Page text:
• modconwannabe
    modconwannabe Member Posts: 49
    Homeowner, not heating pro, but here's my 2 cents from experience. Depending on the indirect, they are so well insulated and designed that they heat extremely quickly, and retain that heat for a very long time. So in our 4 person home with a 60 gallon tank (which is oversized--we plan to have a renter) I don't think I'm getting calls more than a few times a day--basically after running dishwasher or shower, but that's it. In non-heating months we cook most days of the week and even then the gas usage between hot water and cooking is 20 therms or less, so there's neglible usage.

    We'll see in a few years when something breaks but any extrea wear and tear seems extremely modest to the point of being meaningless. Again, this is a 2 family home, so your situation may be different.
    Marinko
  • Brewbeer
    Brewbeer Member Posts: 616
    edited March 2016
    Here's a data point: in the last two months, our boiler (Lochinvar WHN55 mod con) has 1,000 hours in space heating mode, and 60 hours in water heating mode (family of 5, 40 gallon indirect).
    Hydronics inspired homeowner with self-designed high efficiency low temperature baseboard system and professionally installed mod-con boiler with indirect DHW. My system design thread: http://forum.heatinghelp.com/discussion/154385
    System Photo: https://us.v-cdn.net/5021738/uploads/FileUpload/79/451e1f19a1e5b345e0951fbe1ff6ca.jpg
    njtommyMarinkoSWEI
  • arborus14
    arborus14 Member Posts: 4
    Have you seen the Turbomax tanks. They store boiler water instead of DHW. http://www.thermo2000.com/content/en-US/s2_produits/optimizer.aspx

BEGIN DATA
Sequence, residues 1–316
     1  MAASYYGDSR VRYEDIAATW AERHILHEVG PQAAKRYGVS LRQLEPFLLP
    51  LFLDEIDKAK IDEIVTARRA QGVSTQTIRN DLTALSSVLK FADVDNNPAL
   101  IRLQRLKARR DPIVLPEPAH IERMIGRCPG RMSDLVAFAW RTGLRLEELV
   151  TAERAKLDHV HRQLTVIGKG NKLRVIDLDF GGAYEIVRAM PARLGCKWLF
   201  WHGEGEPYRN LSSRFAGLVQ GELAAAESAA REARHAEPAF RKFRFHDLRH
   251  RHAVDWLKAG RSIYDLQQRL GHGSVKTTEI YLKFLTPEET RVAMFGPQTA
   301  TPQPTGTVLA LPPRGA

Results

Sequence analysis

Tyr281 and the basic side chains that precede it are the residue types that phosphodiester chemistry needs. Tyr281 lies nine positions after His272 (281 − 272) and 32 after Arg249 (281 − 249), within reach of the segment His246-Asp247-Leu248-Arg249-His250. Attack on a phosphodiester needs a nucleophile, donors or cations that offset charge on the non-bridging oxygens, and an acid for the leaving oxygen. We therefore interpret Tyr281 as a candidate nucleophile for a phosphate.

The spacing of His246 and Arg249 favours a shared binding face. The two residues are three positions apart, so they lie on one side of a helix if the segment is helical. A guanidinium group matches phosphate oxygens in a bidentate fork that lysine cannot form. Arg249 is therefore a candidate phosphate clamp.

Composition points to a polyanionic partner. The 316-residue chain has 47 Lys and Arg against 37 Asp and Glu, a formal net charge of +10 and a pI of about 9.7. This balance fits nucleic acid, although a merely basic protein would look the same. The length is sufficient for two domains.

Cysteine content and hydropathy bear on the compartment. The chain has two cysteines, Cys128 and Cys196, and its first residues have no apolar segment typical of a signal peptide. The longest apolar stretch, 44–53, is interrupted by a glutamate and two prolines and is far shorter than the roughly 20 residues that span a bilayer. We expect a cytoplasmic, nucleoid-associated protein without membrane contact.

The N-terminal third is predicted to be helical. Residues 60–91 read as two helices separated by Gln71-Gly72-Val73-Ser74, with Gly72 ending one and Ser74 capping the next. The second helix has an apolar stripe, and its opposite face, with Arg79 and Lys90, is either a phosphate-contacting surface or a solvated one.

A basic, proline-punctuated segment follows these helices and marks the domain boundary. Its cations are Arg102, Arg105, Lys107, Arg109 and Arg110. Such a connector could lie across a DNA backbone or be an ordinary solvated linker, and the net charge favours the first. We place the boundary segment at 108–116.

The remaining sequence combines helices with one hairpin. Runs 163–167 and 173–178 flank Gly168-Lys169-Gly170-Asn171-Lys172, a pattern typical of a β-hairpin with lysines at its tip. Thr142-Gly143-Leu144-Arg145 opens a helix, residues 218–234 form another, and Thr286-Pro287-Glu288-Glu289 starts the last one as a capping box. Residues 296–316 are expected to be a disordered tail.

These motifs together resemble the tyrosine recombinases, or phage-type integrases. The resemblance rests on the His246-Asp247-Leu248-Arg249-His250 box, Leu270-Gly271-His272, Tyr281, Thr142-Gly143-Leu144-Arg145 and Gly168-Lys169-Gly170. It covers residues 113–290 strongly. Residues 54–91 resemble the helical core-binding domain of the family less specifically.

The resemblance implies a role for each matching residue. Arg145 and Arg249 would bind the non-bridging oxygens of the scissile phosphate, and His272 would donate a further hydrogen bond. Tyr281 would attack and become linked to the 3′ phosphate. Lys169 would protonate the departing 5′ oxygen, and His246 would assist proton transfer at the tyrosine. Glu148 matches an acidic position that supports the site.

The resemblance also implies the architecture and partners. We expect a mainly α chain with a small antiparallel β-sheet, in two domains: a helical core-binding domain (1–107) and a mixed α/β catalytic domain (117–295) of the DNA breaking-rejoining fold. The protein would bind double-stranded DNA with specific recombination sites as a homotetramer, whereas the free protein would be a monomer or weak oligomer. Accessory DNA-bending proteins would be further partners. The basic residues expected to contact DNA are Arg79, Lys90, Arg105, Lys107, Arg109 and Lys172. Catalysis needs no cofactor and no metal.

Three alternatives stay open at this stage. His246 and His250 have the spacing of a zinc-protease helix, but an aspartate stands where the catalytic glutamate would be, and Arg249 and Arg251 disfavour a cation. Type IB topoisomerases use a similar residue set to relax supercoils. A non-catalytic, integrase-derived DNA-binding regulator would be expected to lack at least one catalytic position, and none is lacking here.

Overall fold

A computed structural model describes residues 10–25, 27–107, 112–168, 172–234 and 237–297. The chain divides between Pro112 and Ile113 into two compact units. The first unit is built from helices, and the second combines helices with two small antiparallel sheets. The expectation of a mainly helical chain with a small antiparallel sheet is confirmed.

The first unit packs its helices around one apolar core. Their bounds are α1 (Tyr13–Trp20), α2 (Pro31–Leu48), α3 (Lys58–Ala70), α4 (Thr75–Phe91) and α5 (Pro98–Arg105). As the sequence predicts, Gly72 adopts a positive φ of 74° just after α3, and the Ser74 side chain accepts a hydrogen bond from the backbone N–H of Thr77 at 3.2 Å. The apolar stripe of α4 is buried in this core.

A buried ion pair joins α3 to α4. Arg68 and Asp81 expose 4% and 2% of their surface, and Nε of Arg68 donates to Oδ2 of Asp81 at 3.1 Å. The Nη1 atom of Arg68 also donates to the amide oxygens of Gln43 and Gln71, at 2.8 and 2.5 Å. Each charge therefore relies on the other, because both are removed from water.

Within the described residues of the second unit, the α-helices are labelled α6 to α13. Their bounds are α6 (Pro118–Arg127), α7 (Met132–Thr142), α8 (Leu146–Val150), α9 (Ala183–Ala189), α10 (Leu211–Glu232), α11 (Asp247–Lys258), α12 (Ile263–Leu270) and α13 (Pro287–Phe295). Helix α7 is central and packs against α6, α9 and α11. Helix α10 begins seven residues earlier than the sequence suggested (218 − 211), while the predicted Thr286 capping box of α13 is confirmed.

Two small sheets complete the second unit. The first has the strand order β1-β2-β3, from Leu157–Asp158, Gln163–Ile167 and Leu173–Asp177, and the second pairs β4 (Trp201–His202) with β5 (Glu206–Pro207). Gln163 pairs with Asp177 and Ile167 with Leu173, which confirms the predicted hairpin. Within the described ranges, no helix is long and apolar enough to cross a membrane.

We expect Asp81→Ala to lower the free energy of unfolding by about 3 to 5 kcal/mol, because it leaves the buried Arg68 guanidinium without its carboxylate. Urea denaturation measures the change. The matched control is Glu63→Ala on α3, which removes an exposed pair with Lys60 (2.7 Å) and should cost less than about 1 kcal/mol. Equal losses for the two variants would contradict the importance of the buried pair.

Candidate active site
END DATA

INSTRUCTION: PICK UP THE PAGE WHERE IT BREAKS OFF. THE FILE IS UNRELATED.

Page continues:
• John Mills_5
    John Mills_5 Member Posts: 935
    What direct vent high efficiency WH doesn't need electricity?
  • kcopp
    kcopp Member Posts: 3,985
    One of the reasons I am not a fan of two units doing separate jobs is that I don't think is great for a boiler to sit around for 5+ months doing absolutely nothing... That is not great for boiler life either.
    Its a kin to you sitting around idle for weeks and then waking up and immediately sprint a quarter mile w/o being in shape or warmed up.
    Let the boiler operate 1-2 times a day regardless what the temp is outside.
    Gordy
  • Gordy
    Gordy Member Posts: 9,514
    I agree why have two btu producing appliances when the job can be done easily with one.

    However if cost is a factor then a direct vent water heater does the job at much lower efficiencies.

    In the end I think an indirect makes the most economical sense. An indirect cost is comparable to a tankless cost, and will produce endless hot water if sized correctly, and storage temps are elevated.

  • NY_Rob
    NY_Rob Member Posts: 1,370
    edited April 2016
    OP- Have you done a heat loss analysis?
    How are you sizing the new boiler?
    Is there a combi unit that will fit your smallest zone requirements without short cycling?

    I was looking into a combi mod-con for my 1960's boiler replacement, but none of them modulated down low enough for my smallest space heating loop of 43' at under 110f return water temps. I have to go with a 10:1 turndown 80k BTU mod-con boiler (HTP UTF80) and an indirect tank.

    A heat loss analysis and zone specifications are critical before choosing a new boiler. Once you complete the analysis- you may not have a choice of combi or indirect due to firing rates.